The current chilly public posturing between the two companies contrasts starkly with the chummy unveiling last summer of their plan to create the world’s largest marketing communications company, at $23 billion in revenue. Observers also noted how unusual it was for Omnicom general counsel Mike O’Brien to be on the call where Wren raised the tax hurdle. One source echoed a growing sentiment around tax residency: “It’s feeling a little bit like a beard.” The source added, “I think they’re just laying pipe in case they have to blow it up.”

Saturday, April 26, 2014

11838: Why The L.A. Clippers Will Lose.

The Los Angeles Clippers will not win an NBA Championship this season. And there’s nothing that talented players like Chris Paul and Blake Griffin—or masterful coach Doc Rivers—can do about it. Alas, the team will face defeat because of owner Donald Sterling. News sources indicate Sterling told his trophy girlfriend that he doesn’t want her bringing Blacks to games.

In 2011, MultiCultClassics identified Offensive Karma as a key driver to a team’s downfall. Offensive Karma is defined by a team’s display of offensiveness in the form of words or actions rooted in bigotry, discrimination and ignorance—which then leads to the team’s ultimate demise in the championship tourney.

So at this point, Sterling has sealed the fate of his team. Now, the Clippers may succeed in defeating the Golden State Warriors; however, they will not end the season with a trophy and rings. Unless the Miami Heat or San Antonio Spurs proceed to hold Klan rallies during halftime shows, trumping Sterling’s ignorance.

Friday, April 25, 2014

11837: Dearth Of Diversity Solutions.

Campaign asked, “Why does ad industry lack minorities?” The answers were contrived, clichéd and culturally clueless—and included the obligatory need to reach minority youth. No, the real need is to reach Old White Guys with hiring authority, as they are the ones perpetuating the dearth of diversity.

Why does ad industry lack minorities?

In sharp contrast to the supercharged pace of change in Britain’s ethnic make-up, progress in boosting the number of staff from ethnic minorities in UK agencies has been snail-like.

Even though those numbers are gradually edging towards the national average of almost 13 per cent, they are well short of the 25 per cent figure in London, which is where most agencies are based.

An IPA study called The New Britain points out that, not only is the UK’s ethnic population now eight million and rising, but it is changing dramatically as Poles, Romanians, Lithuanians, Arabs, Chinese and Filipinos augment a settled Afro-Caribbean and Asian population. The changing nature of multicultural Britain only underlines the need for agencies to mirror it more accurately. Even now, 77 per cent of British Asians surveyed say mainstream advertising has no relevance to them.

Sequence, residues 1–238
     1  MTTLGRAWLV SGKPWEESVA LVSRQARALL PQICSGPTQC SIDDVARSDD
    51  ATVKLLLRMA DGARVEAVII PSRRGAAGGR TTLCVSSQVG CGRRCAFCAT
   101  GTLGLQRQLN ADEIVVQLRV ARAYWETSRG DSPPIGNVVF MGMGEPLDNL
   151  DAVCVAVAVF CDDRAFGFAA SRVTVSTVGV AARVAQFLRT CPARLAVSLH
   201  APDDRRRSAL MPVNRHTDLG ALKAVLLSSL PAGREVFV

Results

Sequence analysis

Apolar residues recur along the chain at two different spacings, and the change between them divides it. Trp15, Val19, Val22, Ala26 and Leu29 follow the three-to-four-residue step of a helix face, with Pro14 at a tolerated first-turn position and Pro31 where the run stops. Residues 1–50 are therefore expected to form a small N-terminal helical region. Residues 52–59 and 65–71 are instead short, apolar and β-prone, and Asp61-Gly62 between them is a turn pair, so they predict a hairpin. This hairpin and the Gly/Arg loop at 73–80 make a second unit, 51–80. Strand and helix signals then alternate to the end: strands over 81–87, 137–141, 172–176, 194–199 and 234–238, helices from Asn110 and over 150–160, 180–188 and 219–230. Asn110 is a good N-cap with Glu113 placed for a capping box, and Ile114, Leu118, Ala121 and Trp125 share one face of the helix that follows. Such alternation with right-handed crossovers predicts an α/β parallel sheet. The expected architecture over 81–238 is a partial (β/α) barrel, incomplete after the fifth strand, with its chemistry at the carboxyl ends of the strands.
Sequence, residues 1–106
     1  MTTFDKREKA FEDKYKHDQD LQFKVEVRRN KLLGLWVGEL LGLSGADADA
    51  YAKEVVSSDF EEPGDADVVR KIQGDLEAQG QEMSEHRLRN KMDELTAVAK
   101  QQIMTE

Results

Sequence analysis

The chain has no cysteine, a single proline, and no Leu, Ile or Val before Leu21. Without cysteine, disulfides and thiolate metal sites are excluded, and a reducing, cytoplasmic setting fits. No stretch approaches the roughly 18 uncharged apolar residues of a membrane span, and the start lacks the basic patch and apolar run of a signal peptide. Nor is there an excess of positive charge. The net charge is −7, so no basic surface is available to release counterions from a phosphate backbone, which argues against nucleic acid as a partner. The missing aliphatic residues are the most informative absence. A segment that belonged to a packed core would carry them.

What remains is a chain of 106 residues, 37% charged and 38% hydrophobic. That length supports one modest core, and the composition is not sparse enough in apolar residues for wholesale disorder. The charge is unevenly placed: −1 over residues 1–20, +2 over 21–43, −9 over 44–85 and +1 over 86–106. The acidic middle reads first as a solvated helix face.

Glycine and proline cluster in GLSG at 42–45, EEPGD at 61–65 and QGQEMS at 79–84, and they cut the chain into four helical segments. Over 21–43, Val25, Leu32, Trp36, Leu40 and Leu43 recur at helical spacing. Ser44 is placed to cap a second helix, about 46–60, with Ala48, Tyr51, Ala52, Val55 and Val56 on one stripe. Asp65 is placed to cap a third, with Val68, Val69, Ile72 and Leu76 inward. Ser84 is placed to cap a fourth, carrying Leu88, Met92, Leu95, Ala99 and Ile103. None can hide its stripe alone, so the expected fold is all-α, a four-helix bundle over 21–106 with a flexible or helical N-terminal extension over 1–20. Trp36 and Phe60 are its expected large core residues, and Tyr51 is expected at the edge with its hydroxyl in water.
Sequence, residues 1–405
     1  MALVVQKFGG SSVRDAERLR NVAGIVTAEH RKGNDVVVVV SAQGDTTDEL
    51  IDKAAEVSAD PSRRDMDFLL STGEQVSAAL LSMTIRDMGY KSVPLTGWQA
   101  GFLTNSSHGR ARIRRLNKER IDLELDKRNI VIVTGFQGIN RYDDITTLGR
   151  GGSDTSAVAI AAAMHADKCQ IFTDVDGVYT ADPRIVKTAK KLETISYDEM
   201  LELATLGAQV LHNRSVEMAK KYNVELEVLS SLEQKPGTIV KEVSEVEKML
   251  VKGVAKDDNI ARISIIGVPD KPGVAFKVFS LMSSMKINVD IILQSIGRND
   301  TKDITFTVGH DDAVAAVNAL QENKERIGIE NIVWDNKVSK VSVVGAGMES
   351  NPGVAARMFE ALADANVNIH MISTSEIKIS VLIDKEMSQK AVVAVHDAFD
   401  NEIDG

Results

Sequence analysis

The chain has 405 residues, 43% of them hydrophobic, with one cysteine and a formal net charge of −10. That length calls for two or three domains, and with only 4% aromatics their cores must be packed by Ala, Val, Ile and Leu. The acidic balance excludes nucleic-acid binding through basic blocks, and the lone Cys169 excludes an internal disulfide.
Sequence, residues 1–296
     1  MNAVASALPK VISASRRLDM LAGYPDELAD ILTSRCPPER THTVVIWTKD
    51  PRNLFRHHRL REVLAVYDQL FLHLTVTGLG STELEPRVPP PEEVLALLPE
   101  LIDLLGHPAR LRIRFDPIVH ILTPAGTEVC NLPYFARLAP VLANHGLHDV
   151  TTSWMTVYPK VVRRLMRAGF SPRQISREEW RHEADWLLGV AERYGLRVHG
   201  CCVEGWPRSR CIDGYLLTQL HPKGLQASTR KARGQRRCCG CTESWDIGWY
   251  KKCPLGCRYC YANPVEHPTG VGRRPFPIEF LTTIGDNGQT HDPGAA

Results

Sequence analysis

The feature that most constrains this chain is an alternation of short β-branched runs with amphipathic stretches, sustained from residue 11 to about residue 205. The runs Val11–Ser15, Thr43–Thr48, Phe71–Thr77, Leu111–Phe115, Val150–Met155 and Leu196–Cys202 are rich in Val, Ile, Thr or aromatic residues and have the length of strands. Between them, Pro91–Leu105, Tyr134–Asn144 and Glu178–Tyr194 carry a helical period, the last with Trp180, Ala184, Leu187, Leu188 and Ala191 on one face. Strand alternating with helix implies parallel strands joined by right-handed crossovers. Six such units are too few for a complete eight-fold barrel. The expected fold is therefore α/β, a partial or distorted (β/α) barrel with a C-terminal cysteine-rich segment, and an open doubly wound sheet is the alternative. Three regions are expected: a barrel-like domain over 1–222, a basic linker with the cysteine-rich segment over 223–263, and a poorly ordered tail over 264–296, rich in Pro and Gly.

The question is whether all the rhetoric about getting more of the most talented young people from ethnic minorities into agencies is being translated into action. Or will these communities—and the increasingly dynamic media that serves them—spurn adland’s messages?

Trade body

Paul Bainsfair, director-general, IPA

“If the industry was being given a school report on its diversity, the verdict would be: ‘OK, but could do better.’ Although the ethnic make-up of agencies isn’t far off the national average, it is nowhere near the average of around 25 per cent in London. That slow progress isn’t entirely the industry’s fault. A lot of parents from ethnic minorities cleave to the traditional professions. Their children are much more likely to be encouraged to become doctors or lawyers rather than try for an advertising career. We have to improve our communication with young people, whatever their backgrounds.”

Agency head

Chris Hirst, chief executive, Grey London

“My agency, along with almost every other in the country, has a relatively narrow representation. That’s changing, but we still have a long way to go before we’re as diverse as the country as a whole. Ethnic minorities are underrepresented in every agency department. The result is that we don’t communicate as effectively with those minorities as we should. One problem is that most people in our industry have never worked anywhere else and we all recruit mostly from other agencies. If we can throw more people together from different backgrounds, we’re bound to get more interesting creative solutions.”

Agency head

Sanjay Shabi, director, CultureCom

“I’ve no doubt that the pace of change in the number of people from ethnic minorities working in agencies will accelerate. Not only is the IPA putting in a significant amount of effort but there are more ethnic role models. Magnus Djaba, Zaid Al-Zaidy and Karen Blackett, the chief executives of Saatchi & Saatchi, McCann London and MediaCom respectively, are among them. They show how those from ethnic minorities can flourish and progress in this business. Also, as ethnic-minority families reach their third or fourth generations, there’s less pressure on young people to go for careers in accountancy or medicine.”

Agency head

Shelina Janmohamed, vice-president, Ogilvy Noor

“The industry is still at an early stage in learning how to communicate with ethnic minorities. It has to recognise that some communities have needs nobody has previously considered. The most important thing is that people within agencies get engaged in the conversation about diversity. That’s what happened when Ogilvy Noor, the world’s first service offering advice on building brands that appeal to Muslim consumers on a global basis, was set up. The real challenge is finding people with the right professional skills. You need to have an innate sense of what’s right and what isn’t. That can be difficult.”